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          • #6
            Originally posted by RichD View Post
            One advantage to having a track with a bridge is that the lanes will be of equal length, providing that the lane spacing is equal everywhere. Equal length lanes do not mean that the lap times will be the same for each lane.
            Makes it kind of a wash then.

            Comment


            • #7
              Originally posted by NicoRosberg. View Post

              Makes it kind of a wash then.
              Nonsense!

              While a figure eight type of configuration doesn't guarantee equality between the lanes, it provides the track builder with a more balanced design with a greatly increased chance that racing will be more or less equal. And that provides better racing.

              Comment


              • #8
                For what its worth, there are a million posts on equal lane lengths. Being analog I run all my races such that each driver drives on each lane. So it makes no difference and thus I don't care what the lane lengths. I actually want the overpass simply for the challenge of routing it.

                What I'm looking for are tips/tricks for routing the overpass. I've got some so far. Anything and everything is welcome.

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                • #9
                  Most of us "race" in a round robin style where we all use each lane so lane length doesn't matter.

                  As for building it, I would rout through the bridge section as one piece then cut the bridge out. That way when you reassemble your track the slots will all line up properly. You could measure each one separately, but why would you want to?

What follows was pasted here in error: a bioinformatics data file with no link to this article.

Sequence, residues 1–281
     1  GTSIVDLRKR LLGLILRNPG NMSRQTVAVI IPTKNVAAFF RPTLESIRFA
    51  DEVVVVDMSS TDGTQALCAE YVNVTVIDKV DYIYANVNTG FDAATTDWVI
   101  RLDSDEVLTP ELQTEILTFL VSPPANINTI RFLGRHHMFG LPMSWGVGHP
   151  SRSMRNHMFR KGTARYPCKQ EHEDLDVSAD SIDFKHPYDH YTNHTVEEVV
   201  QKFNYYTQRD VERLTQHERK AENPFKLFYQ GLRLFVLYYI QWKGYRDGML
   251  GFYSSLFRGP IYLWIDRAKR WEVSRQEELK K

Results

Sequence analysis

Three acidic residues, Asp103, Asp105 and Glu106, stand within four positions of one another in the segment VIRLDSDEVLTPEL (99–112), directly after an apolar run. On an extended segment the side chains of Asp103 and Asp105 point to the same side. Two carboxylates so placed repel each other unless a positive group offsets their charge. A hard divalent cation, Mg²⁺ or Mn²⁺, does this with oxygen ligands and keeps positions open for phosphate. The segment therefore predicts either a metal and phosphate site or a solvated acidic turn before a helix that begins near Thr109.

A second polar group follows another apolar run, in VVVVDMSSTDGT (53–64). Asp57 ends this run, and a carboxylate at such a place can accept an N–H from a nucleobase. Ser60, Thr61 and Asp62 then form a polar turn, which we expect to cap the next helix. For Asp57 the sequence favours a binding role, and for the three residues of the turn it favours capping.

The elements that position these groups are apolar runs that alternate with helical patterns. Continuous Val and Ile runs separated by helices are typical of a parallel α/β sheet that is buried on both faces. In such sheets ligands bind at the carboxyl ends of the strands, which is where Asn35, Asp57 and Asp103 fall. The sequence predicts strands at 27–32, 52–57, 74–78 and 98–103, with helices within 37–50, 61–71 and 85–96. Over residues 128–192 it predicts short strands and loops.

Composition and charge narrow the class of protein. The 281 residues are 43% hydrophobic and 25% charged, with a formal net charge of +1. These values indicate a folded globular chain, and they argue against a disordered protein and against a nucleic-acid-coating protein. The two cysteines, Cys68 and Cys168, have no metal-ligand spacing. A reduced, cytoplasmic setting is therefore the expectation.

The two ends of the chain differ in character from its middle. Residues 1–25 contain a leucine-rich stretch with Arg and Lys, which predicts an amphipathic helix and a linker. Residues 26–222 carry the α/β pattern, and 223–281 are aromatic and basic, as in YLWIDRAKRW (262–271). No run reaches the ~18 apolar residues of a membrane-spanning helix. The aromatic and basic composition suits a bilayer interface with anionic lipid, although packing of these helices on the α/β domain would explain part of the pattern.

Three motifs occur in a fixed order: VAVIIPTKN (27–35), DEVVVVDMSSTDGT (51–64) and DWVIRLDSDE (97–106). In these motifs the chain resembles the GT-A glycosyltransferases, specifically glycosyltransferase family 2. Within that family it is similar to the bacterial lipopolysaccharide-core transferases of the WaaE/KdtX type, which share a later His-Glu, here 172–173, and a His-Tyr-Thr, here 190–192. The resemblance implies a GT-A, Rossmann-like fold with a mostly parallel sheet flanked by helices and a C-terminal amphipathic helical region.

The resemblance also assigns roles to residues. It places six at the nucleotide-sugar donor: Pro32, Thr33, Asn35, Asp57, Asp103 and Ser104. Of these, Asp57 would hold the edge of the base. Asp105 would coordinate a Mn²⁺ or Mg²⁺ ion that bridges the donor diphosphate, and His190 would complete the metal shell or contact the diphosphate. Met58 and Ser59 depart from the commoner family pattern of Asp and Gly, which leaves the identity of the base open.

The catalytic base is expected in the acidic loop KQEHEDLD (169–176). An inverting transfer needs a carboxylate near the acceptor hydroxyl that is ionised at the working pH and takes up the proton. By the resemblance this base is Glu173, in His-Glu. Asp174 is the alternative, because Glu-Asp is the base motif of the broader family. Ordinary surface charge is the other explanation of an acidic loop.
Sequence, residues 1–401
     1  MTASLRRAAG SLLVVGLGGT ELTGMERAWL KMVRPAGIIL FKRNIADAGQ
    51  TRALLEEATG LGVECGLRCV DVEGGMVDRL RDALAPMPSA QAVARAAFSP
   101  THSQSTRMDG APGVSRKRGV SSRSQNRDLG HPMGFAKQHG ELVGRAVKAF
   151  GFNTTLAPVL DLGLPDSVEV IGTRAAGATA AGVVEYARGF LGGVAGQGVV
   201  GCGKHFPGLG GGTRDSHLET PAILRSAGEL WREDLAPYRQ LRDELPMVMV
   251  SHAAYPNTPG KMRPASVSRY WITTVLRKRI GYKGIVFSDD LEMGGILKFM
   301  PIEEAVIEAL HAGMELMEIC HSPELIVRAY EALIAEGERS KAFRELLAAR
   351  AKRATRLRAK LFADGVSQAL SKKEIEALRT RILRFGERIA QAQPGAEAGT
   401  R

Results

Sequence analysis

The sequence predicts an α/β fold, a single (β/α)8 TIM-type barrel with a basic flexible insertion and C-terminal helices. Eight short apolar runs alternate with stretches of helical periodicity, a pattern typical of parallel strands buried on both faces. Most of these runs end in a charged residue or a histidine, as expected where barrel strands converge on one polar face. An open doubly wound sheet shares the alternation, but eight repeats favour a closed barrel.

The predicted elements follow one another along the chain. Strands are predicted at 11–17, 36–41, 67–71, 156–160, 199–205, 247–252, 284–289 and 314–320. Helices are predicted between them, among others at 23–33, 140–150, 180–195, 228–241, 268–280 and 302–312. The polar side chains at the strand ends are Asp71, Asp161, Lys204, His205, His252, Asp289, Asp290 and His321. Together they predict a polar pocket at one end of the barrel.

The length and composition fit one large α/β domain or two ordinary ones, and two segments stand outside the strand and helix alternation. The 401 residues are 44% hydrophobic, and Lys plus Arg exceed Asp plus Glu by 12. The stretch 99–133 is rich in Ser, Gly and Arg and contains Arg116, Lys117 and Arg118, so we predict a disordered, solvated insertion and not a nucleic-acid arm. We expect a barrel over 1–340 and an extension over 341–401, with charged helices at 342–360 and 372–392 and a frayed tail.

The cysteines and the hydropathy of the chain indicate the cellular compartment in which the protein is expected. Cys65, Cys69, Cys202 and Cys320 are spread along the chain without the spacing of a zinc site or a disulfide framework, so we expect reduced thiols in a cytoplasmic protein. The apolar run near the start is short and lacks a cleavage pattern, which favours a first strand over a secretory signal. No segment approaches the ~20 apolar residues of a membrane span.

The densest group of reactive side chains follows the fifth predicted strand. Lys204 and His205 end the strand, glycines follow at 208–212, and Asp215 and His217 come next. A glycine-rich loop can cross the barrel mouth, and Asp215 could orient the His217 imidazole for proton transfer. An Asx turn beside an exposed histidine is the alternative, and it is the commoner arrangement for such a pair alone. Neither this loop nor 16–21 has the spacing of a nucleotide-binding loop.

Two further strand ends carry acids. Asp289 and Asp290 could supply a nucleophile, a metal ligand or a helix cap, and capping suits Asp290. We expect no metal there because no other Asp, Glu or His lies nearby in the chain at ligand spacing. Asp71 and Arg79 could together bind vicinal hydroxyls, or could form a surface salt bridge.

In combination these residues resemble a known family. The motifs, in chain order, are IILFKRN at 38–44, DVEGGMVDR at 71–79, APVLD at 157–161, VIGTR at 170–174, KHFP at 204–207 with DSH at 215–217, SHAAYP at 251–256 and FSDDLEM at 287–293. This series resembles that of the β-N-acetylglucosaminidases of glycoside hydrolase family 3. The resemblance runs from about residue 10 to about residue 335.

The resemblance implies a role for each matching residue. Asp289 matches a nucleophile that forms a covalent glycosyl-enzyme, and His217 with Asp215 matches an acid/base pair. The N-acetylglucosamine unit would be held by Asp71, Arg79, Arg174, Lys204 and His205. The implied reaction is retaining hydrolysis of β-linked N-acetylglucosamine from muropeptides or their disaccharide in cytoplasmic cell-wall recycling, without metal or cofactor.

Comment


                  • #10
                    My first routed track (1968!) had an overpass. It was an HO track. The whole track was routed out of one piece of Masonite and the approaches were cut on three sides and raised. A separate piece was constructed to bridge the gap between the two approaches, over top of the long straight underneath. That bridge piece had to be fudged slightly to make the slots line up properly.

                    Since then I have routed two more tracks with overpasses. An HO track for Bob Beers, quite a few years ago, and just this spring/summer my own 1/32nd track. Both tracks were cut out of sheets of MDF and assembled on top of 3/4" sanded birch plywood. Bob's track was routed and cut-out by hand using three routing templates and four router base disks of increasing diameter. My new track was routed and cut-out by a shop that has CNC equipment.